I knew Friday's post on orthorexia would hit a nerve, but didn't anticipate it would gather steam quite as fast as it did…and (for my moderated blog) a bit of a lively discussion has developed in the comments, raising some important questions and concerns. Thus worthy of a Part Deux. There will be (maybe somewhat irreverent) digressions based on my personal and clinical experiences rather than a Pubmed literature review. So here we go.
Citizens True Romance
1) What about the kids? Are we raising a bunch of gluten-free dairy-free peanut-free neurotic orthorexics?
A subject close to my heart, as the mother of three and five year old little girls, who mercifully have (knock on wood) no health problems or body image issues. In fact, the three year old, who lives life with gusto, invariably runs around the room with her arms upraised giggling whenever she is naked (at least twice a day, with changing back and forth into PJs and clothes and tubby and spilled things, etc.) because being naked and free is clearly just so awesome. Now I know several adult men who still think this way (you know who you are), but I don't know any women who do. Which is sad. Someday soon my kids will start worrying about their thighs. Ugh.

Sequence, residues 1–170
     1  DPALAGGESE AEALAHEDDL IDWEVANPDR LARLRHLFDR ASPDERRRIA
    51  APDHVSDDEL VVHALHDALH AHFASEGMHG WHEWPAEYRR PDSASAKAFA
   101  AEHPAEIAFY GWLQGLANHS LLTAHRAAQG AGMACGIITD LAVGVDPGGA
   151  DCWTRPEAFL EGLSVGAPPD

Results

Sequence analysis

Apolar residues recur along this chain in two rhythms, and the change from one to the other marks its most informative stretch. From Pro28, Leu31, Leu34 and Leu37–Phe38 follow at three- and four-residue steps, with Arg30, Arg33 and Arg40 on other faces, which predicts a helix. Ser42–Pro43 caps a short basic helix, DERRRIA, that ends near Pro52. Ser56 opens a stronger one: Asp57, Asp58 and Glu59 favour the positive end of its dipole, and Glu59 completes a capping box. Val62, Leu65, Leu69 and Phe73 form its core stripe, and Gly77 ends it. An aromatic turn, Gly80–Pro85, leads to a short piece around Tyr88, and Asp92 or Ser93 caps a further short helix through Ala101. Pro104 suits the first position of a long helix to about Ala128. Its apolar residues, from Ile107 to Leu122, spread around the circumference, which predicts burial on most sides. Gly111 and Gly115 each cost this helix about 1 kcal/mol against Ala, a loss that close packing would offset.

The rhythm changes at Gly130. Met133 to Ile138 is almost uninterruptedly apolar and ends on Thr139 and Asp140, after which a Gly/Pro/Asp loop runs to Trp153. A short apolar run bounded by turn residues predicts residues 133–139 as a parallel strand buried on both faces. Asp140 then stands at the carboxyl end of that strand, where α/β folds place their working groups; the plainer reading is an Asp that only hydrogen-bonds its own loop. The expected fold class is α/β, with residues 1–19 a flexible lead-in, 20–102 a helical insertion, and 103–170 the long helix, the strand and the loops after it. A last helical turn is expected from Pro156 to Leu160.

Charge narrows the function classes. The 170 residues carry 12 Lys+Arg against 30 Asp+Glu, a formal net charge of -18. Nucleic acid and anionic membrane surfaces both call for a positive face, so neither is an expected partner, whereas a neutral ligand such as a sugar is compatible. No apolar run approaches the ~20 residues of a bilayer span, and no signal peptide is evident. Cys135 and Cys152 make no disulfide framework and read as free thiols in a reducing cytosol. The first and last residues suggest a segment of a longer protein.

I don't want my children to grow up neurotic about food. On the other hand, when you look at the advertisements and the grocery stores and the incentives out there, popular kid food is pretty wretched, processed, sugary, blue gooey crap. Kids have growing brains and bodies and need appropriate nutrition to fuel that growth.